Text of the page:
The Later Works of John Dewey, 1938: Logic: The Theory of Inquiry

The Later Works of John Dewey, 1938: Logic: The Theory of Inquiry

by John Dewey
     
 

Heralded as “the crowning work of a great career,” Logic: The Theory of Inquiry was widely reviewed. To Evander Bradley McGilvary, the work assured De­wey “a place among the world’s great logicians.”

William Gruen thought “No treatise on logic ever written has had as direct and vital an impact on social life as

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Overview

Heralded as “the crowning work of a great career,” Logic: The Theory of Inquiry was widely reviewed. To Evander Bradley McGilvary, the work assured De­wey “a place among the world’s great logicians.”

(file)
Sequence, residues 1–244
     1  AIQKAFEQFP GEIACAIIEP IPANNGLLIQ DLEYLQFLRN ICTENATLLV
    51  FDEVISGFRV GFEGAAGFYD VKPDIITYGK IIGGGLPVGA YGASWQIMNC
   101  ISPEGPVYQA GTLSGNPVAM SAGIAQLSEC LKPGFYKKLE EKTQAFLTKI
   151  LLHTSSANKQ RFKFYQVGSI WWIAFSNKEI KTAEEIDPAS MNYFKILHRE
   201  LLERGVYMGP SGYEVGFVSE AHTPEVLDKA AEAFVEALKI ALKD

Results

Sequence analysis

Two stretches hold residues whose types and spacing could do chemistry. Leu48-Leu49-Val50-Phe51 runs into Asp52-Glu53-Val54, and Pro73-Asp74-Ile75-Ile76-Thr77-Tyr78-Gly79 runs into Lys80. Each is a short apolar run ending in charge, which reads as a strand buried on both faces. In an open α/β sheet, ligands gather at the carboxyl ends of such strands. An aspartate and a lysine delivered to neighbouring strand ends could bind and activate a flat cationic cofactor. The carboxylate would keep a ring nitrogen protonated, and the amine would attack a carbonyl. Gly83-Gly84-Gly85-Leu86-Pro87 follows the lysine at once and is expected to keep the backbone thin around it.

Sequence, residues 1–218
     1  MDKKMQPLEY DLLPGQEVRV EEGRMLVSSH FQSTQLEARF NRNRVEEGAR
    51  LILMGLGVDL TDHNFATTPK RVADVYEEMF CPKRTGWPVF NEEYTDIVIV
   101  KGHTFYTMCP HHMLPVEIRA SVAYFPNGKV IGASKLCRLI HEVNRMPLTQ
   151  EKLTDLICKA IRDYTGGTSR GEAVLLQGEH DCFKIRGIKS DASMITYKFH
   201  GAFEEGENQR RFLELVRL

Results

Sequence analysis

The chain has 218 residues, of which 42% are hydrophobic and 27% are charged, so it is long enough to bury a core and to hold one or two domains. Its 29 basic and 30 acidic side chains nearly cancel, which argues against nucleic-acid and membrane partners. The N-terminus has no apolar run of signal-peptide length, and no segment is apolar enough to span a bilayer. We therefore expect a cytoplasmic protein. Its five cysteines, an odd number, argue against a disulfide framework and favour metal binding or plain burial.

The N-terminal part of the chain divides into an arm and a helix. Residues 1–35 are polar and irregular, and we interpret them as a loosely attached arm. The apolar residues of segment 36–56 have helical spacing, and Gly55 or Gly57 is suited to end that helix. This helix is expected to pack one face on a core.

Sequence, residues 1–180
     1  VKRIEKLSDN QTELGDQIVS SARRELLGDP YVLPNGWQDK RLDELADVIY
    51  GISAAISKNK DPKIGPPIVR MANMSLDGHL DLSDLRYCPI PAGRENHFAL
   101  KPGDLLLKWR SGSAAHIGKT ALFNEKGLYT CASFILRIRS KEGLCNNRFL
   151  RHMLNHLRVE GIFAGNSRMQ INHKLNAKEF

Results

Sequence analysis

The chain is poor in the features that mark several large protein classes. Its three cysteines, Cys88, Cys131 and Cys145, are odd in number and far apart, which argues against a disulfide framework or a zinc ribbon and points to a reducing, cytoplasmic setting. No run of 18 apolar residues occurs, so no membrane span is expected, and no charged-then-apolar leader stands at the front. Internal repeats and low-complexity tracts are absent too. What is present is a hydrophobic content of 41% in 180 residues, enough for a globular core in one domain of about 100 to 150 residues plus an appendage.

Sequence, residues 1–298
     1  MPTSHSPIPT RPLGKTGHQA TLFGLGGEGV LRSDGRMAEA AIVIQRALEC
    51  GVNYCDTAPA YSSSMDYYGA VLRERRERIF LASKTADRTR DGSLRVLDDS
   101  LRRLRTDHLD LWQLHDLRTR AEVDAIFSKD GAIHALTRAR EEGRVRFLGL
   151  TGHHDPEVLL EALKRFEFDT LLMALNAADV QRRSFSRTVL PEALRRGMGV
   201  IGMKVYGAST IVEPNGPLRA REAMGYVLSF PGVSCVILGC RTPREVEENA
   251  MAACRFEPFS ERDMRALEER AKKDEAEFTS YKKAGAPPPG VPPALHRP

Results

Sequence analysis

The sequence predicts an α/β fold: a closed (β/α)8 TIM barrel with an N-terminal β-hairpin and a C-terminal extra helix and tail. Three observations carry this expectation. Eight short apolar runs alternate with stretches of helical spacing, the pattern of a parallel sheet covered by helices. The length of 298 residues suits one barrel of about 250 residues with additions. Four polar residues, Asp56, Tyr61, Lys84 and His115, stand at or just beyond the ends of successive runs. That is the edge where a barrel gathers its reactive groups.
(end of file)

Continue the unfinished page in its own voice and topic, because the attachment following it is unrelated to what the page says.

William Gruen thought “No treatise on logic ever written has had as direct and vital an impact on social life as Dewey’s will have.”

Paul Weiss called it “the source and inspiration of a new and powerful movement.”

Irwin Edman said of it, “Most phi­losophers write postscripts; Dewey has made a program. His Logic is a new charter for liberal intelligence.”

Ernest Nagel called the Logic an im­pressive work. Its unique virtue is to bring fresh illumination to its subject by stressing the roles logical principles and concepts have in achieving the ob­jectives of scientific inquiry.”

Product Details

ISBN-13:
9780809316786
Publisher:
Southern Illinois University Press
Publication date:
08/01/1991
Series:
Collected Works of John Dewey
Edition description:
1st Edition
Pages:
576
Product dimensions:
5.25(w) x 8.38(h) x 1.25(d)

Related Subjects

Meet the Author

The late Ernest Nagel was University Professor Emeritus at Columbia Univer­sity.

Jo Ann Boydston is Director of the Center for Dewey Studies.

Kathleen E. Poulos is a staff member at the Center for Dewey Studies.

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